Chevron files arbitration claim in dispute with Ecuador
Saying it has “no choice,” Chevron Corp. has filed an international arbitration claim citing treaty violations in a long-running environmental dispute with Ecuador.
By OGJ editors
HOUSTON, Sept. 24 -- Saying it has “no choice,” Chevron Corp. has filed an international arbitration claim citing treaty violations in a long-running environmental dispute with Ecuador.
The company says the government of Ecuador has violated the US-Ecuador Bilateral Investment Treaty, investment agreements, and international law in pressing litigation involving Texaco Petroleum (Texpet) operations that ceased in 1992. Texpet was merged with a Chevron subsidiary in 2001.
Chevron characterizes the legal struggle as an attempt by contingency-fee lawyers to enrich themselves, complicated by an Ecuadorian judiciary that has lost independence under a regime that its background documents call “autocratic.”
Originally filed in 1993 and now before a court in Lago Agrio, the lawsuit claims environmental degradation resulting from Texpet’s work in Ecuador during the 1970s and 1980s as a partner in a concession with the old Gulf Oil and, later, the state oil company. Texpet became operator in 1976 when Gulf withdrew from the concession and left the state company, now Petroecuador, as the majority partner.
Petroecuador became operator in 1990, and the concession ended in 1992.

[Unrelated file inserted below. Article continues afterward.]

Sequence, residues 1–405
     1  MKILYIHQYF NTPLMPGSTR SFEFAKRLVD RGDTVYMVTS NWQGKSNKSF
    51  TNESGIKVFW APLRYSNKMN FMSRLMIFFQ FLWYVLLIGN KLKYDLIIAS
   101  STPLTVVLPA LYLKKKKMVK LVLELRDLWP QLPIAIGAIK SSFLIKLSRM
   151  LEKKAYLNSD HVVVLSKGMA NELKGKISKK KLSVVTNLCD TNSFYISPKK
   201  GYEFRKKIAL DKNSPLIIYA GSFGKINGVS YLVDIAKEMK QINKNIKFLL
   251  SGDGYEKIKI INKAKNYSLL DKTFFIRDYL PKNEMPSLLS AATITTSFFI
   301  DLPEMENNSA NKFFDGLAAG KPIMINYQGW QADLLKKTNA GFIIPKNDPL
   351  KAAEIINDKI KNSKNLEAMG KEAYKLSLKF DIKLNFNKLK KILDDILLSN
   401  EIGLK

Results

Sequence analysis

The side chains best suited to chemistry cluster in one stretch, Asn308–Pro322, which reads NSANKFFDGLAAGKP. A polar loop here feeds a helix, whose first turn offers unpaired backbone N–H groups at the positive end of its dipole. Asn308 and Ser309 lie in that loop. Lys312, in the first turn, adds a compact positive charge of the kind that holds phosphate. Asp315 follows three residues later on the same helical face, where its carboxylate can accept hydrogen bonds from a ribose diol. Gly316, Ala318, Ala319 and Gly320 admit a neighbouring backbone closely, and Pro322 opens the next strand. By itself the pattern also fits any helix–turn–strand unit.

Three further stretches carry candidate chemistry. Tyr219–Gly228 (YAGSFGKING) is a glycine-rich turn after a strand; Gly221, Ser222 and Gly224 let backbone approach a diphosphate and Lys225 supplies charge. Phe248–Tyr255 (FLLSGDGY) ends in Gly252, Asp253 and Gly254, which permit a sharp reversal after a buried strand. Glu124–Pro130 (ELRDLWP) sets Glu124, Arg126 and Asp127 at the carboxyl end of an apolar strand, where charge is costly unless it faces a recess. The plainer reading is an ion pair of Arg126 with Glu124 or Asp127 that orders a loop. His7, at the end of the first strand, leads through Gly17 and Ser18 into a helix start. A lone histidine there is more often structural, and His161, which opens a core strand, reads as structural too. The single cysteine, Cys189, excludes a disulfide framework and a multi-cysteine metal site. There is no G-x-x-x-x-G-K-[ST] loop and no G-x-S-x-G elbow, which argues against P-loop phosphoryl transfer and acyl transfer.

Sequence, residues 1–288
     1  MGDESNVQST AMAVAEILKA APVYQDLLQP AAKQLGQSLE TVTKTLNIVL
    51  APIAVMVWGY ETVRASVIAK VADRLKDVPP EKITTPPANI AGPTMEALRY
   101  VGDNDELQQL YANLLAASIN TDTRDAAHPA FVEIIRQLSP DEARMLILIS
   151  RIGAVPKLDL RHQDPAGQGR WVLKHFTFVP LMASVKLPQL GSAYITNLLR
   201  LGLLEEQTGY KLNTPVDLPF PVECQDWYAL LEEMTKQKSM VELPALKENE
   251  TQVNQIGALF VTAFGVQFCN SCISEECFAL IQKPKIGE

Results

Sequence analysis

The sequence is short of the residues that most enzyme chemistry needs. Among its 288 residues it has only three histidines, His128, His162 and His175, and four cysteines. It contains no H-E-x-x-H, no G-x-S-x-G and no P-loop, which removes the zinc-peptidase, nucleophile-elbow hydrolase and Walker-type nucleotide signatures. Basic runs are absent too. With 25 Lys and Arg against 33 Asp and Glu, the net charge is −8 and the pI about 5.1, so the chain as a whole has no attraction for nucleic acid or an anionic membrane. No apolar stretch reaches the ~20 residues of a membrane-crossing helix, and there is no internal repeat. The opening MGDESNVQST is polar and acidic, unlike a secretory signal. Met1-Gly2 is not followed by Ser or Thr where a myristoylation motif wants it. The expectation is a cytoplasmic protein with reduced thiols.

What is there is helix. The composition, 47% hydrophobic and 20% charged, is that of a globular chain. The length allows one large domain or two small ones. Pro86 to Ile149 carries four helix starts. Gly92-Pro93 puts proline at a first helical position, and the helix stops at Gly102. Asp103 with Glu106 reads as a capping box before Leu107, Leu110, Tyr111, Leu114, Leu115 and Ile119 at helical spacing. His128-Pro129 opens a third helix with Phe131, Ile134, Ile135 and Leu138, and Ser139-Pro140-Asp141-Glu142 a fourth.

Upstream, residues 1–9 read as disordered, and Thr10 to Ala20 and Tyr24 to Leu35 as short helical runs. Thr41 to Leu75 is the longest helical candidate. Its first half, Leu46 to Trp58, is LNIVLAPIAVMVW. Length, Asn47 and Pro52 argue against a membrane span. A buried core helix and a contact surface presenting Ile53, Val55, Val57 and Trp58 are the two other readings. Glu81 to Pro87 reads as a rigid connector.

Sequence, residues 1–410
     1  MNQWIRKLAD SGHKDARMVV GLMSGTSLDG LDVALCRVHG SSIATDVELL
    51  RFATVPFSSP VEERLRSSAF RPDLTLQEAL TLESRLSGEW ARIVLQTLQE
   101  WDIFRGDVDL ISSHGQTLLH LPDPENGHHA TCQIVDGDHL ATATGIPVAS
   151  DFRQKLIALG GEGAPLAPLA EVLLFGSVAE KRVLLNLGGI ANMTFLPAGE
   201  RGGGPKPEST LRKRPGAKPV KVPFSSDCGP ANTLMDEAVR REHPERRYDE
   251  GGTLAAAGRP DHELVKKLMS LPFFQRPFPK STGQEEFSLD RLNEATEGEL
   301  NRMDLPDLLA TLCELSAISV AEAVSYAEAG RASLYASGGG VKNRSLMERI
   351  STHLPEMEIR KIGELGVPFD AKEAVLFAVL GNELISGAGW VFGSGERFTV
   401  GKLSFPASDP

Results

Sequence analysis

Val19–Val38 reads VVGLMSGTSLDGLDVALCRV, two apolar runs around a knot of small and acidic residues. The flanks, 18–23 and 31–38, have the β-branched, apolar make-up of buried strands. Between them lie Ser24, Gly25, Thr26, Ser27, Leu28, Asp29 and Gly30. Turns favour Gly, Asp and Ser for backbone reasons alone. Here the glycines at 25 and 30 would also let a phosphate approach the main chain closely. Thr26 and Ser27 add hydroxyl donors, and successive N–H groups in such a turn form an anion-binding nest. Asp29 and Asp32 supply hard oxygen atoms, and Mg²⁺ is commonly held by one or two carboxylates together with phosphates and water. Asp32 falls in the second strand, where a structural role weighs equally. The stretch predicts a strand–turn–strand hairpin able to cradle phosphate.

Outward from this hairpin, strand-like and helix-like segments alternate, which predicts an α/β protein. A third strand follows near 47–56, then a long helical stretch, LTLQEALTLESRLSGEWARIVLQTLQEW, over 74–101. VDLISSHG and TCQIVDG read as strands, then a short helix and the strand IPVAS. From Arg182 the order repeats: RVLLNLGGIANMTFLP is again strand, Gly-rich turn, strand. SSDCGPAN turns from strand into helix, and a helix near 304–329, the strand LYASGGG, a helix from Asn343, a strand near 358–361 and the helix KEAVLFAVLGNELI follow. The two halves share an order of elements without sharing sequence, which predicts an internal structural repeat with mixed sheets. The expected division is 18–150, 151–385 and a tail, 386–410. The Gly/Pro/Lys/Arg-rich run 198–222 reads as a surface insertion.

Chevron says the government controlled activities while the concession was in effect. When the concession ended, it argues, the parties conducted an environmental audit, after which Texpet spent $40 million as its share of environmental remediation, which the government approved, releasing Texpet from further liability.
The lawsuit has spiraled into claims for more than $27 billion for environmental and other damage.
Chevron argues that the claim covers environmental, health, and social issues far beyond the oil-producing area, damage to which it says results from mismanagement by Petroecuador.
Since Texpet left the country, it says, “Petroecuador has drilled over 400 new wells in the former concession area, compared to the 321 wells that were drilled during the consortium.”
It calls Petroecuador’s environmental record as operator “notoriously poor, with more than 1,400 oil spills since 2000 alone.” The lawsuit, it says, represents “an effort to force Chevron to pay for Petroecuador’s own misdeeds.”
In its announcement of the international arbitration claim, Chevron charged that:
• President Rafael Correa publicly committed to support the plaintiffs.
• Representatives of the attorney general’s office conspired with plaintiffs’ lawyers to undermine integrity of 1995 and 1998 contracts.
• The prosecutor general has “manufactured illegitimate criminal indictments against Chevron counsel.”
• The trial judge “has publicly revealed his bias and prejudgment of the case in media interviews and recorded meetings with individuals who had been solicited by officials of Ecuador’s ruling political party to pay a bribe in exchange for the award of contracts to be funded with the proceeds of an anticipated verdict against Chevron.”
Hewitt Pate, Chevron vice-president and general counsel, said the government is using the legal process to escape environmental obligations of Petroecuador.
“Because Ecuador’s judicial system is incapable of functioning independently of political influence, Chevron has no choice but to seek relief under the treaty between the United States and Ecuador,” he said.